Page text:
On arrival at the slip at Portavadie, there was only one vehicle waiting which meant both coaches would be able to cross together and we would be back on schedule.  The mist had lifted by now but the low cloud remained which did not deter those who decided to install themselves on the verge adjacent to the slip to photograph the ISLE OF CUMBRAE’s first arrival of that day.  After loading both coaches, we sailed for Tarbert, our second crossing of the day.  I wonder when was the last occasion that two coaches crossed together on that route?  Unfortunately, the new LOCHINVAR was not in service but she could be seen in the inner harbour as we disembarked.  She was due to be handed over from Fergusons a few days later.  

Aasheim alongside at Portavadie (CM)  A tight fit for our buses (CM)   Gavin and Shelagh enjoying some fresh air (TC)


Secretary Eric Schofield leads
the charge to the buses (GL) 
Getting the two buses re-boarded
with Isle of Cumbrae in background (CM)
The new Lochinvar at Tarbert (JP)

It was disappointing that we were unable to have our time in Tarbert as planned.  The reason for this was that we had another ferry to catch.  As one of the buses had to divert to Kennacraig to collect tickets, we were a few minutes late arriving at Tayinloan to catch the 1400 sailing to Gigha aboard LOCH RANZA.  This was the first time since the 1980s that the CRSC has visited Gigha on an excursion.  On that occasion it had been there and back on a bus direct from Glasgow.  Fortunately today’s route was more inviting.  
 Boarding Loch Ranza at Tayinloan (CM)
By now the weather had improved and our third crossing of the day began when the LOCH RANZA pushed off the slip at 1410.  As with the ISLE OF CUMBRAE, Calmac had put on an extra member of crew to ensure the vessel could carry the passengers offering.  The crossing only lasted twenty minutes but during this time, Neil managed to fulfill one of his lifelong ambitions and made an announcement over the tannoy informing the hoppers of their options of a ‘non landing’ trip or time ashore.  There were dolphins frolicking in the shallow waters of the Sound of Gigha as we crossed which added to the atmosphere of escapism.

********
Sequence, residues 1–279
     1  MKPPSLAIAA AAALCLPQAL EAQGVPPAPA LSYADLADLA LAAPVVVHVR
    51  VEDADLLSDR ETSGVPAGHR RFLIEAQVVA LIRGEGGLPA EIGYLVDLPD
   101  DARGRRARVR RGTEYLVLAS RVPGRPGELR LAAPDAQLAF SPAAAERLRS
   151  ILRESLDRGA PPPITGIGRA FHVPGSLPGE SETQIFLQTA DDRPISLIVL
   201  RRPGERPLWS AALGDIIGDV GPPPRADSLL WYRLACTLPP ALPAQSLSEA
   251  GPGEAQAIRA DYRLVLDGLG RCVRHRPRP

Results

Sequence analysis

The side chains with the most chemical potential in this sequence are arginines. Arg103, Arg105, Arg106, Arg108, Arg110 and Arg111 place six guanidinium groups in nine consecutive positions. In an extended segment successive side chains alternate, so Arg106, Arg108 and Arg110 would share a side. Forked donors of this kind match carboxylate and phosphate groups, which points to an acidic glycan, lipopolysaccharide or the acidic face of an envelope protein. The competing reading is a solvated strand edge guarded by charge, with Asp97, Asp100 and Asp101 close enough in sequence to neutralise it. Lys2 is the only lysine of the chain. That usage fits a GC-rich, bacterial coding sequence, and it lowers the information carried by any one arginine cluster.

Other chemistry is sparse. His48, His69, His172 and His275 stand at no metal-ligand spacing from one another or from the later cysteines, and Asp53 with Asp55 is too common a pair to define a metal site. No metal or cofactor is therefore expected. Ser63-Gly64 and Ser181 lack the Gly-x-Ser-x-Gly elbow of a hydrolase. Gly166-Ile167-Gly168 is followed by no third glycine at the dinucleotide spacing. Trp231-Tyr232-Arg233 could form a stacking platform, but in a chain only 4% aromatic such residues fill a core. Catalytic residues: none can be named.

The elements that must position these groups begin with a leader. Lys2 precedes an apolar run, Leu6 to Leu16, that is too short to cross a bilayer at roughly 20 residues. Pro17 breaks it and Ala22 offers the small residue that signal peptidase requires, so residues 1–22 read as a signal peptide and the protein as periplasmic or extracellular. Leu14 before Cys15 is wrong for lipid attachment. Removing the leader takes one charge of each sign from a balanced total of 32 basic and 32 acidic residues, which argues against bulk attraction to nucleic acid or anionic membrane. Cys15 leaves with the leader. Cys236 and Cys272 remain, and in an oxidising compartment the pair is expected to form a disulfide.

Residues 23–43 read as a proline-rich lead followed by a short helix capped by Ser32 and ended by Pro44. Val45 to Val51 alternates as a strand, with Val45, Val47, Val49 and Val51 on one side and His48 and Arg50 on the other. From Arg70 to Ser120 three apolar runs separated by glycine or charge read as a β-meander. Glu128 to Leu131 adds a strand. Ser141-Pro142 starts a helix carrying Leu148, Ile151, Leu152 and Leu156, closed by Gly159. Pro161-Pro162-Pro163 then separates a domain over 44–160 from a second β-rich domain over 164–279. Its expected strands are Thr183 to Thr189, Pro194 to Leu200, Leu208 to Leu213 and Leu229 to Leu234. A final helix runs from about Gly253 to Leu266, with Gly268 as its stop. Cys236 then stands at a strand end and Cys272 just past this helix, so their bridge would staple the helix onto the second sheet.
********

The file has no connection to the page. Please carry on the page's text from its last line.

Dolphin alongside Loch Ranza (DR)  Off we go onto Gigha (DR)  Passengers coming ashore at Gigha (CM) 
Loch Ranza departing Gigha (JP)

The majority of the party opted for time ashore on Gigha.  Many walked towards ‘The Boathouse’, a small restaurant on the shore which was suddenly overwhelmed by the unexpected influx.  Others headed up the hill for a drink in the hotel or a look around the only shop.  It was amazingly tranquil on Gigha and nice and sheltered from the wind.  

Even on Gigha, someone messes
with the road signs (JP) 
 General view of Gigha (JP)
Loch Ranza arriving back at Gigha (JP)

Soon LOCH RANZA was back for the 1530 return sailing.  No dolphins or announcements this time and before long, almost 100 people were ‘power walking’ up the slipway towards the buses to catch our next ferry.  Those who had chosen the ‘non landing’ option had taken advantage of the wee café at Tayinloan.  

Next stop Campbeltown!
Hoppers pour off Loch Ranza (DR)
Paul Semple prepares to tackle his “snack”
supervised by Roy Paterson (CM)

Once back at the main road, we turned right and continued to head south, further down Kintyre towards Campbeltown.  Normally the way you go in to Campbeltown by road is the same way as you have to come out but fortunately the new service from Ardrossan has changed that.  We were booked on the 1655 sailing from Campbeltown to Ardrossan on the ISLE OF ARRAN and as we approached the town, we could see her over the rooftops, already at the berth.  

 Isle of Arran seen through the bus window
as we arrive at Campbeltown (DR)
Link span awaiting our Buses (DR)

No time for photographs here.  We were soon being checked in at the rather extensive terminal and waiting to join the seven cars and thirty two other passengers for the sailing.  This service only carried three coaches in the whole of 2013 so I would suspect that two coaches on the one crossing is a first.  Just before 1655, the ISLE OF ARRAN had slipped her moorings, was pulling off the berth and heading down Campbeltown Loch towards Davaar Island which passed a few minutes later to starboard.